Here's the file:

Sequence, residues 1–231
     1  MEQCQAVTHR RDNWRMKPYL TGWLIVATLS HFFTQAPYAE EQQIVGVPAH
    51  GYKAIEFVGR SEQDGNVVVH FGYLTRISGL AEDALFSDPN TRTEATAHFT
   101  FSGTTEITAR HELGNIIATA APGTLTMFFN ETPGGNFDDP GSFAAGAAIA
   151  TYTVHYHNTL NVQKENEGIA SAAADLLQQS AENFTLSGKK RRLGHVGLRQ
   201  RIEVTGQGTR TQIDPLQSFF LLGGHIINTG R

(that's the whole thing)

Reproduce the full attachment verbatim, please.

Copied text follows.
Sequence, residues 1–231
     1  MEQCQAVTHR RDNWRMKPYL TGWLIVATLS HFFTQAPYAE EQQIVGVPAH
    51  GYKAIEFVGR SEQDGNVVVH FGYLTRISGL AEDALFSDPN TRTEATAHFT
   101  FSGTTEITAR HELGNIIATA APGTLTMFFN ETPGGNFDDP GSFAAGAAIA
   151  TYTVHYHNTL NVQKENEGIA SAAADLLQQS AENFTLSGKK RRLGHVGLRQ
   201  RIEVTGQGTR TQIDPLQSFF LLGGHIINTG R